California Sun

Good morning. It's Monday, Aug. 27.

A Northern California mayor is threatened over racy photos.
The Diocese of San Jose gives a bishop a $2.3 million house.
And robots are making hamburgers in San Francisco for $6.

The lede

1

Calling out a 'coward'

Rachel Hundley said an email attempting to blackmail her was sent by "an anonymous coward."

YouTube

Rachel Hundley, a 35-year-old councilwoman in Sonoma, earned national attention as a fresh-faced millennial leader when she rose to the mayor's office a couple years ago.

Now, as she campaigns for reelection in November, Hundley is facing a disturbing attack.

She received an anonymous email this month pointing to a website that featured racy images of her at Burning Man, which she had posted on social media. The email warned her to drop out, adding in part, "We believe your behavior is immoral and unethical and has no place in our town."

Responding in a Youtube video, Hundley called the email an "attempt to slut-shame me" and said women have faced a double standard around what they can wear and do in public life.

"This attempt at blackmail assumes that I buy into these lies," she said. "But I'm here today to tell my faceless bullies that I cannot be ashamed into quitting because I am not ashamed."

  

Statewide

2

Salinas Valley, where a study linked pesticides to ailments in children.

Tobacco companies spent big money attacking scientific studies that demonstrated the harms of smoking. Now agrochemical companies are using the same playbook, with the help of an amenable E.P.A. The effort aims to thwart a proposed ban of chlorpyrifos, an insecticide used widely in California that some scientists believe may be harming infants' brains.

  
3

State lawmakers sent Gov. Jerry Brown a bill that would allow immigrants in the country illegally to serve on state boards and commissions. One critic of the bill warned that it could make non-citizen appointees targets for deportation by immigration authorities already riled up about California's sanctuary policies.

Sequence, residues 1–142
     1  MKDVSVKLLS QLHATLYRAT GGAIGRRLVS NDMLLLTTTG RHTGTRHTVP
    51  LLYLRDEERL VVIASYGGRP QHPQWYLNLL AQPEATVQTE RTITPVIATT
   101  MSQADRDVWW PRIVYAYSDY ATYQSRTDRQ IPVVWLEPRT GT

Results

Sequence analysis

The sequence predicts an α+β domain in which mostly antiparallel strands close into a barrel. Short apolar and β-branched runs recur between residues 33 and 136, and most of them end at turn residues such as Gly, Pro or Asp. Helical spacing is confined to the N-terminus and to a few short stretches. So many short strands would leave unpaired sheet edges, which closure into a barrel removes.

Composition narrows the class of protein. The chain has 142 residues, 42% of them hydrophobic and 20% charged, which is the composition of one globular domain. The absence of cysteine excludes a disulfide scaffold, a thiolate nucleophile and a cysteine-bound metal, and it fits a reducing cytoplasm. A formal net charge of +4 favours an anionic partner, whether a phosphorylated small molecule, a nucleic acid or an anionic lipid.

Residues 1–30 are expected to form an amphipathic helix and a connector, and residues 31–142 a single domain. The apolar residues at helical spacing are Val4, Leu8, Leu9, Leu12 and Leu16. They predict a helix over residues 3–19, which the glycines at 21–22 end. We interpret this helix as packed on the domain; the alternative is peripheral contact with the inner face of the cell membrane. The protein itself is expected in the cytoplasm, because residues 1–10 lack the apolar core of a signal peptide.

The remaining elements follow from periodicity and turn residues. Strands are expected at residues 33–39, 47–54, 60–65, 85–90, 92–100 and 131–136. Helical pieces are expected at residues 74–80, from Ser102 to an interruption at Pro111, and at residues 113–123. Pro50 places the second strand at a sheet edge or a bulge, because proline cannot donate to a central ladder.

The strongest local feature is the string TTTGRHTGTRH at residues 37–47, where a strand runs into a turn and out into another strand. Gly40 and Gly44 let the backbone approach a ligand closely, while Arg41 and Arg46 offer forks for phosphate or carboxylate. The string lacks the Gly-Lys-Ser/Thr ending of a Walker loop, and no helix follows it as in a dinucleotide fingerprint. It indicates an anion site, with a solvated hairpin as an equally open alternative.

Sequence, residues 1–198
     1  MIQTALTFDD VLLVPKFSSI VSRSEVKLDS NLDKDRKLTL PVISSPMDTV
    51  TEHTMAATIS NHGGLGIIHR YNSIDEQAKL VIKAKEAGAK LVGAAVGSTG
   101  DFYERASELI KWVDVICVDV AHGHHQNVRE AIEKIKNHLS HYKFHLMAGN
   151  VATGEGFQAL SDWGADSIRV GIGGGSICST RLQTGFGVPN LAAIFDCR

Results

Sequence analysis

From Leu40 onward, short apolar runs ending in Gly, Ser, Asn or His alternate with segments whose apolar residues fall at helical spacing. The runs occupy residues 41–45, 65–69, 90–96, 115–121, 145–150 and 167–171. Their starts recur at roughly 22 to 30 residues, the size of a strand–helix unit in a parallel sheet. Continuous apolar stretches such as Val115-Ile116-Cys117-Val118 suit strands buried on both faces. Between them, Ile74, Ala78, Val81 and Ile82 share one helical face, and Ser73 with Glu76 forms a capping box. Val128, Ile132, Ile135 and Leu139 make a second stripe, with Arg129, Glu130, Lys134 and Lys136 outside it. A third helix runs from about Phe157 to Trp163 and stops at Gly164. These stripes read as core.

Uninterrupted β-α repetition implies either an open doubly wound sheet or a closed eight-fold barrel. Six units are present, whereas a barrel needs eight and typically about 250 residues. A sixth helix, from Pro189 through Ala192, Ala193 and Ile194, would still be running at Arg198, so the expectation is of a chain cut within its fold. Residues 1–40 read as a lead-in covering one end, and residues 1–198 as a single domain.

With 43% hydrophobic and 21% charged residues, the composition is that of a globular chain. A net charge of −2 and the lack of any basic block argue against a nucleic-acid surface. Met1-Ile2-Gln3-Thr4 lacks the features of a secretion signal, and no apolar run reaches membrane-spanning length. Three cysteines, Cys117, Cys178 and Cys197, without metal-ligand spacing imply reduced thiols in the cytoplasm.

4

More than 150 government officials across California have signed a petition urging the governor to phase out oil and gas drilling over concerns about pollution and climate change. None of the signatories, however, is from Kern County, the state’s leader in petroleum production.

  
5

“The Burning Man is Disneyland in reverse," co-founder Larry Harvey once told the S.F. Chronicle.

Burning Man kicked off over the weekend. Graphics artists at the Washington Post used time-lapse satellite imagery, "firefly cartography," and glowing mushrooms to tell the story of how a huddle of hippies on a San Francisco beach became a city of 70,000 in the Nevada desert.

  

Northern California

6

The Diocese of San Jose bought one its retired bishops a five-bedroom “Tuscan estate” for $2.3 million. The expenditure has irked some among the diocese’s Catholics, given the faith's mission to serve the poor. "I looked at places way out in the East Bay," the bishop said, "but I like the valley."

  
7

Humboldt Bay is the second-largest enclosed bay in California.

It's been a long time coming, but momentum is building to create the Humboldt Bay Trail. The 14-mile route will hug Humboldt Bay, meandering through wetlands and wildlife habitats and linking the two biggest cities in Humboldt County, Arcata and Eureka. KCET aired a six-minute video on the project.